The influence of progress in information science on audiology over the past three decades was discussed from the point of view of my personal experience. These experiences were categorized as i) computer model simulations, ii) the rapid analysis of signals and images, and iii) the refinement of implantable devices. The great contribution from the progress of computing capabilities to basic and clinical sciences was re-confirmed. However, future issues to be addressed were also raised, the solutions for which will require further progress in information science.
We investigated 79 infants diagnosed as having bilateral hearing impairment according to further evaluation after newborn hearing screening (NHS) between 2000 and 2013. We categorized the infants into three groups according to the hearing threshold of the better ear by auditory; brainstain response evaluation. The distribution of the infants according to the severity of hearing loss was as follows: mild hearing loss, 3 infants; moderate hearing loss, 35 infants; severe hearing loss, 41 infants. Of 79 infants, 63% visited to the hospital before the age of one month. In 77% of the 79 infants, the diagnosis was made by audiologic and medical evaluation before the age of 3 months. Of 74 infants, 68% received intervention, and of 68 infants, 54% received fitting of hearing aid before the age of 6 months. There was no difference in the average age at their first visit to the hospital or the age at diagnosis of the hearing level, however, infants with severe hearing loss received intervention or fitting of hearing aids earlier than those with moderate hearing loss. Ten infants with severe hearing loss received cochlear implants. These results indicate early detection, intervention and fitting of hearing aid undergo appropriately. It is important to make the appropriate judgment in a timely manner to allow hearing-impaired children to receive appropriate interventions, including fitting of hearing aids.
Newborn hearing screening (NHS) has been enforced since the year 2001 in Japan. So, over 13 years have passed since NHS was first implemented in Akita prefecture. The rate of NHS reached 100% in this prefecture in 2010. The cooperative framework of the first screening in newborns at general hospitals and complete hearing examinations at university hospitals increased the impact of NHS. We report a general overview of NHS (rate of complete hearing exam, positive-predictive value, rates of pursuits and analysis of hearing changes after the diagnosis of hearing loss) during the last 13 years at our university. The positive-predictive value of NHS was 61.0%. Our 13-year data did not differ from the report of a national investigation published in the year 2013. In this study, 143 patients were continuously followed up from the first diagnosis of the auditory brainstem response (ABR) to the present. We compared the ABR thresholds at the first diagnosis and the final hearing levels in patients over 3 years old. We recognized that the hearing levels have the possibility of changing after determination of the ABR. Therefore, long-term hearing management is necessary to evaluate the accurate hearing levels in children.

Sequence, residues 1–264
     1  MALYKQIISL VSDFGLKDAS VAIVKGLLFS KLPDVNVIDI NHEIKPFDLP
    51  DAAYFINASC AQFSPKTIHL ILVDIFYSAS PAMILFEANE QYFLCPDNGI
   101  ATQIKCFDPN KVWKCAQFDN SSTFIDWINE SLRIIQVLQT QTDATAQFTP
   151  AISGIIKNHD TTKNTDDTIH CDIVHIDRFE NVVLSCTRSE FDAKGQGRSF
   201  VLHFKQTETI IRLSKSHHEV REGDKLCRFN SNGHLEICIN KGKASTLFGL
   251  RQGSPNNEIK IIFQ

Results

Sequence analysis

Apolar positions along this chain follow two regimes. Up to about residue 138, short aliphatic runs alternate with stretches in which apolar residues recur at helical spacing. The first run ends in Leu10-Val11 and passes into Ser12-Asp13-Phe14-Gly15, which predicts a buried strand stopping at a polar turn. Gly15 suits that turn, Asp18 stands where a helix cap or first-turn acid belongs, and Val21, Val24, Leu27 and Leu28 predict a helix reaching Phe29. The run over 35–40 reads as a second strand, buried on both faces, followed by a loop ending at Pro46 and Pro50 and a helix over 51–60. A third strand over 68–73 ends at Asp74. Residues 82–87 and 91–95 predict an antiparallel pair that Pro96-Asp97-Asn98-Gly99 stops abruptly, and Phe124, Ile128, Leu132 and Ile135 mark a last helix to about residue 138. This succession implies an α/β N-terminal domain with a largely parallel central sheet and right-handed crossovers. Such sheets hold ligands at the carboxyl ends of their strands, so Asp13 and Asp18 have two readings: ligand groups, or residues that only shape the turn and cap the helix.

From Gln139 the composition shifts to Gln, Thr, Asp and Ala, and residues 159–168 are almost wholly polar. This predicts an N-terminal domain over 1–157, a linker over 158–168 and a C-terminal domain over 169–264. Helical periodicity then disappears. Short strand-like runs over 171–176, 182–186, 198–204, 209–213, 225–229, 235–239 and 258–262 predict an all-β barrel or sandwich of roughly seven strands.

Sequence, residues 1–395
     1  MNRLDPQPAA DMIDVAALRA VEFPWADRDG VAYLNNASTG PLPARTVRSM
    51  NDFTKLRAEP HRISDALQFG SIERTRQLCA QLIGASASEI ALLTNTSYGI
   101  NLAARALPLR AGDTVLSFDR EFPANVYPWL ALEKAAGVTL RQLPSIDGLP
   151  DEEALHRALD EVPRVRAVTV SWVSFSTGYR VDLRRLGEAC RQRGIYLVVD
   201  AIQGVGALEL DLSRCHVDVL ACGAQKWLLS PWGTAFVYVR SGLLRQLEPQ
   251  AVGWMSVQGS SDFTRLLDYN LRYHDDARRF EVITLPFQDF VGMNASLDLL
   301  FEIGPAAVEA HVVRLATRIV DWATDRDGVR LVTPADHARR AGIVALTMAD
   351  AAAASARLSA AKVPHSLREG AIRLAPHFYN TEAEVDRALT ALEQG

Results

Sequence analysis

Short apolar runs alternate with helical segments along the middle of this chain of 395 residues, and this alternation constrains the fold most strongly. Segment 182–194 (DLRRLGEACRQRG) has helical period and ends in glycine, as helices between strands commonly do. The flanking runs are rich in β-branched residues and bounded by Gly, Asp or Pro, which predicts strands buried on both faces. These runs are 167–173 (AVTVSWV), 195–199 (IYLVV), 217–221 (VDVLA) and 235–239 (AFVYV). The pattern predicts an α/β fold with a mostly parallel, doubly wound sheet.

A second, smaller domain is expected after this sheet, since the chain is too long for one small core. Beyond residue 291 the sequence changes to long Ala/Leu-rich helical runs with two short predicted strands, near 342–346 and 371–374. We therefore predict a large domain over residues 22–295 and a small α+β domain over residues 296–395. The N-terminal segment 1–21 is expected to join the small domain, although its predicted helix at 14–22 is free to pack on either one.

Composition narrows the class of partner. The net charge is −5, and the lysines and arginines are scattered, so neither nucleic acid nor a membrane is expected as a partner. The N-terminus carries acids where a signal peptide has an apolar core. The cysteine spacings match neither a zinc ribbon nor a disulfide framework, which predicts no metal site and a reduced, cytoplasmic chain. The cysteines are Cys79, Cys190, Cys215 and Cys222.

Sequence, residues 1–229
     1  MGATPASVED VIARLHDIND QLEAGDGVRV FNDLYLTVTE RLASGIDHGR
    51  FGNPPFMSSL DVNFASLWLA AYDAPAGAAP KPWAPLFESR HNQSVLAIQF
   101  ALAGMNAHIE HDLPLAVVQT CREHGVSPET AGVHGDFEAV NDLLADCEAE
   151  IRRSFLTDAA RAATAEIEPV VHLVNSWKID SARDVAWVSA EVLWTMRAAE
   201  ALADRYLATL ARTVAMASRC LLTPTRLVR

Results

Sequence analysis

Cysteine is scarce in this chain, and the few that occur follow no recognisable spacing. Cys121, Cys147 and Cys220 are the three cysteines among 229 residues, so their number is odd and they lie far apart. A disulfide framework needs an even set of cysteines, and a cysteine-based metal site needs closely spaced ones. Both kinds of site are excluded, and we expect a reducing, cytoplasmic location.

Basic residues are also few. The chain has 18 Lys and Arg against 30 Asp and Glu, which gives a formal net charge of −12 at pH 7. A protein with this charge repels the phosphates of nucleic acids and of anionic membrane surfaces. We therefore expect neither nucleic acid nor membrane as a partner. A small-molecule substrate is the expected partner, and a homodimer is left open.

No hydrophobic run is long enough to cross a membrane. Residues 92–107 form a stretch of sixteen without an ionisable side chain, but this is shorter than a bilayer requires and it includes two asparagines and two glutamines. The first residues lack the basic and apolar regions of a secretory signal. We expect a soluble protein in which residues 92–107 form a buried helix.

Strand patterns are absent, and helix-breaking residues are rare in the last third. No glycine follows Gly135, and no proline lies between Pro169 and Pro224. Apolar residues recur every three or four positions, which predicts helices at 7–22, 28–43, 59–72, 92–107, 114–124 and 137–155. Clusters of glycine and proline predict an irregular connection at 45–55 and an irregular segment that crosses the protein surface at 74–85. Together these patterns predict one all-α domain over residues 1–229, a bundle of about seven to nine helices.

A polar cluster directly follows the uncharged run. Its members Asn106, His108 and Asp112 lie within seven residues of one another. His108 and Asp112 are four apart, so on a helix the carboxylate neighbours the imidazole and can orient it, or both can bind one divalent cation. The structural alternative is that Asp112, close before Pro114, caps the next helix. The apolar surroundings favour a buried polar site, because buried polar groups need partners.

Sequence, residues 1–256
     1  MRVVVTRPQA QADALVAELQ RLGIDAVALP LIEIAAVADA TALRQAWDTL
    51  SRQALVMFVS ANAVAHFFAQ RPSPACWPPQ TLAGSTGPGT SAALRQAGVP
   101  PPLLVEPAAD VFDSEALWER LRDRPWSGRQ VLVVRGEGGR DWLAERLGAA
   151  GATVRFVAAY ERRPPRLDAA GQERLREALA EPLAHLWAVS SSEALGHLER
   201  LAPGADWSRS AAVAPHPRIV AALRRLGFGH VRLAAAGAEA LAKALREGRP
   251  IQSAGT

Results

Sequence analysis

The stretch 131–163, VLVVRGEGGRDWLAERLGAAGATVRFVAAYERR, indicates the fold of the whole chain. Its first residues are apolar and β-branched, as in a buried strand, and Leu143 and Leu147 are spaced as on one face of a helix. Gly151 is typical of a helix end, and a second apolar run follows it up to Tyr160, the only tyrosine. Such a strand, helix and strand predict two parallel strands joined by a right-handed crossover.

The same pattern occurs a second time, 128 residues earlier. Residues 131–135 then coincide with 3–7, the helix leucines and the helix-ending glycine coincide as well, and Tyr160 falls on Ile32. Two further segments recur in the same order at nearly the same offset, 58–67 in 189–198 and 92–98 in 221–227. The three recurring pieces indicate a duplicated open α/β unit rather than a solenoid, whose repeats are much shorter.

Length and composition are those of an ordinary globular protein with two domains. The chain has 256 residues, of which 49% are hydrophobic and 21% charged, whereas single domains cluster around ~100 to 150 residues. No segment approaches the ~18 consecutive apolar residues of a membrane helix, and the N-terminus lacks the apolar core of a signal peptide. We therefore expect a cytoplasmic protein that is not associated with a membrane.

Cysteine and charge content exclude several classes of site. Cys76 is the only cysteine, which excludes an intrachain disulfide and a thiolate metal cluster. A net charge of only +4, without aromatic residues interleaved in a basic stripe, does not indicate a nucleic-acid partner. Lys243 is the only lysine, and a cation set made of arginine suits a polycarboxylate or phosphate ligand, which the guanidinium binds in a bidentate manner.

We examined whether subjects with unilateral hearing loss (UHL) have any difficulties of dairy life, and how these subjects recognize their hearing difficulty and deal with problems, using the evaluation of hearing difficulty (Okano et al, 2013) and the life stories of the subjects from childhood to the present in 4 people with UHL. Subjects with UHL often found it difficult to hear and localize from the affected side when the ambient noise level was high, but there were individual differences in psychosocial issues. We analyzed their stories; there were 4 categories and 27 concepts, and we attempted to theorize on the process of disorder recognition in the subjects. They became aware of hearing difficulty from experiences of difficulty in hearing during schoolgoing-age; in some cases, they also experienced psychological conflicts in teenage. They accepted their hearing difficulty and used their own ingenious methods for communication until they became adults. Our findings suggested that the parents' negative recognition about UHL might affect their children to accept their hearing difficulty in teenage. Therefore, it is important that we provide support to children with UHL, and also their parents, over the long term according to their psychological state and growth, and we need to provide accurate information about UHL and peer support systems.
Fitting of hearing aids is the most important process towards providing hearing improvement for patients with hearing impairment. However, there is as yet no consensus as to how to manage these patients after the initial fitting process. In our department, since the hearing ability is known to change with time, we carry out regular check-ups every 3 months. However, since there are almost no previous studies investigating the benefits of such periodical check-ups, some patients are not eager to keep their appointments. This study was aimed at examining whether periodical check-ups and long-term management of hearing aids are beneficial, in terms of improving the hearing ability, to the patients. We carried out hearing level tests and speech audiometry after the initial fitting, and compared the results with those obtained after regular, long-term check-ups (average interval, 3 years and 2 months). To focus on the influence of hearing aid management, we limited the subjects to those with moderate hearing loss, whose hearing ability changed little throughout the study. The results revealed that the average hearing thresholds decreased from 34±5dBHL to 30±6dBHL (p<0.001) and speech audiometry results improved from 90±10% to 92±8%(p<0.01). Thus, we think that it is important to continue check-ups and management even after the initial fitting.